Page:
Finding the Right Balance Between Training and Practice in the Off-Season | STACK

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Finding the Right Balance Between Training and Practice in the Off-Season

January 18, 2011

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Are you spending the right amount of time in the weight room? The time an athlete spends in the gym, as well as appropriate skill development, depends primarily on where he or she is classified within the Long-Term Athletic Development [LTAD] model created by Dr. Istvan Balyi, one of the foremost experts on long-term athlete development and the periodization of training programs.

Balyi’s model outlines the different characteristics of athletic development in several stages throughout the life cycle. Within his framework, young athletes should spend more time on developing fundamental movement skills and physical abilities versus specific sport skills. This focus then naturally shifts over time as the athlete ages and develops.

For the purpose of this blog post, let’s assume we are talking about a high school hockey player with more than seven years playing experience, who is entering the off-season. In the LTAD model, based on his age and experience, this athlete is classified as “Training to Compete” or “Training to Win.” During the off-season, he will devote roughly 75 percent of his time to improving strength and conditioning in the weight room.

As the summer progresses, the paradigm will shift to include more sports-skill development through time spent on the ice. Moving closer to the end of summer and the start of the season, the athlete will spend about 40 to 50 percent of his time on skill development, specifically skating mechanics, stick handling and shooting. In the weight room, training to reduce the likelihood of injury is paramount as the season draws closer.

Read on for more information on the first five stages of Balyi’s Long-Term Athletic Development Model:

Stage 1: FUNdamentals
Age: Males 6-9/Females 6-8
Focus on developing “fun”damental movement abilities and physical skills. Emphasis is on play and participation in as many different sports as possible for improved agility, balance, coordination and speed, among other skills.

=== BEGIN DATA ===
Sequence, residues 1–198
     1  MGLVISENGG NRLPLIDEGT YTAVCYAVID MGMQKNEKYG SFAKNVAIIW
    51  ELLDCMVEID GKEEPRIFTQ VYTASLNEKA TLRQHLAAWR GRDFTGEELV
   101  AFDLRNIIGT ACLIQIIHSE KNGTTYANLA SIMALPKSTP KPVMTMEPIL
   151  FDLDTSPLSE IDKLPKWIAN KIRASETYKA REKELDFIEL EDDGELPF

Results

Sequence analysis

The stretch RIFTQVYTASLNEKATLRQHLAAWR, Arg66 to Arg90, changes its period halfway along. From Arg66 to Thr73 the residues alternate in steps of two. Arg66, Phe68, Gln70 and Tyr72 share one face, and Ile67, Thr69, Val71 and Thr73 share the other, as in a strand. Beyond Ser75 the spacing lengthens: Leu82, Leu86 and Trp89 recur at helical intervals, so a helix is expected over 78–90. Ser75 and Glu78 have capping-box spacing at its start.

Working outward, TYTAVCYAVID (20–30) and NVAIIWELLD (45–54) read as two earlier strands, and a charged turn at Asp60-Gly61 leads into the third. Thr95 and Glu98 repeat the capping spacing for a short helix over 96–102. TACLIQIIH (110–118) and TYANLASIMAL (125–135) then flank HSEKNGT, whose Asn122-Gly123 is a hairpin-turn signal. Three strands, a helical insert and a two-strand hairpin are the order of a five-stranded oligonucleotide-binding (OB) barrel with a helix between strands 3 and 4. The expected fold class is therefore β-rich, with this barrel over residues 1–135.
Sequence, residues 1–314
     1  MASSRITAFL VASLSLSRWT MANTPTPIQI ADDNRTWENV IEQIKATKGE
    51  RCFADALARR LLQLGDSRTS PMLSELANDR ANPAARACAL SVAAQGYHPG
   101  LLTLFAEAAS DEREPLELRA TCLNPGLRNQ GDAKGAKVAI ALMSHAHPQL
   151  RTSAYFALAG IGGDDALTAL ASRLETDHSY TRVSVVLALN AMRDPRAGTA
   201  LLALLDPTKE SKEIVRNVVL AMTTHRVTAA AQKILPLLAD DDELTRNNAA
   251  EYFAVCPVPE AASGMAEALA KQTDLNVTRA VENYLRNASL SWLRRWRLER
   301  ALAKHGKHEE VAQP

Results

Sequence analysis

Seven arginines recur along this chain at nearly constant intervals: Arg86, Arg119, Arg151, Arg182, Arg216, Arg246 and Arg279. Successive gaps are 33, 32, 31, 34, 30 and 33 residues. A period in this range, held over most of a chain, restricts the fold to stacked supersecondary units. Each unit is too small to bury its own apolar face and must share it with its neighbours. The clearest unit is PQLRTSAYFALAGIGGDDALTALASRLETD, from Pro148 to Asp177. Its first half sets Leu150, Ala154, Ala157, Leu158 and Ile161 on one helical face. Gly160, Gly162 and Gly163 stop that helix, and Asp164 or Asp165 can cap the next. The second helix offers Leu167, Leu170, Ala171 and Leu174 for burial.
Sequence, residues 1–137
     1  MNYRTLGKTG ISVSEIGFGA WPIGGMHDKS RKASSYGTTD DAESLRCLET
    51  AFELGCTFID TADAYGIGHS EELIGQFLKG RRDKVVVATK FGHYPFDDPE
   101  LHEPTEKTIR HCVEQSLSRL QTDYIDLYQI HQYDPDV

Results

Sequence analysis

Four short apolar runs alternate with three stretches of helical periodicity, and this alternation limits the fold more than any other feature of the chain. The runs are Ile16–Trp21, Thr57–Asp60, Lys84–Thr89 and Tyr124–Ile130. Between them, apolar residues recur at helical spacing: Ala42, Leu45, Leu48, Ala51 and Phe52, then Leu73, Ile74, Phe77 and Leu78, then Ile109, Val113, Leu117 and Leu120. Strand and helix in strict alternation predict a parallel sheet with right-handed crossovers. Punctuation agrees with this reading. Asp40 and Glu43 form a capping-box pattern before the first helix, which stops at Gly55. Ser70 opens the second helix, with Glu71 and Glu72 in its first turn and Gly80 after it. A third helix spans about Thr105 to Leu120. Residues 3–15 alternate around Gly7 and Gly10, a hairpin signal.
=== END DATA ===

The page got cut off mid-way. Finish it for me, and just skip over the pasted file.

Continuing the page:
Stage 2: Learning to Train
Age: Males 9-12/Females 8-11
Athletes learn higher-level skills related to a particular sport. Competitive element of sport is introduced, but not overemphasized. Primary goal remains to develop specific skills and techniques.

Stage 3: Training to Train
Age: Males 12-16/Females 11-15
Volume of training increases, but intensity remains moderately low. Mental preparation and training methods are introduced.

Stage 4: Training to Compete
Age: Males 16-18/Females 15-17
Training becomes more individualized, with a specific program created to address each athlete’s strengths and weaknesses. Training intensity increases.

Stage 5: Training to Win
Age: Males 18+/Females 17+
With the athlete’s physical, mental and technical skills fully established, objective is to maximize fitness preparation, sport skills and overall performance.

For more detail on LTAD [including Stage 6, which is retirement/retention], please click here.

Photo:  Jim McIsaac/Getty Images

Sean Donellan is the director of Velocity Sports Performance facilities in Mahwah and Closter, NJ. Before joining Velocity, he spent seven years as the strength and conditioning coach for the New York Islanders and two years as director of performance at the Ice House in Hackensack, NJ.

Sean Donellan
- Sean Donellan is the director of Velocity Sports Performance facilities in Mahwah and Closter, NJ. Before joining Velocity, he spent seven years as the strength...
Sean Donellan
- Sean Donellan is the director of Velocity Sports Performance facilities in Mahwah and Closter, NJ. Before joining Velocity, he spent seven years as the strength...
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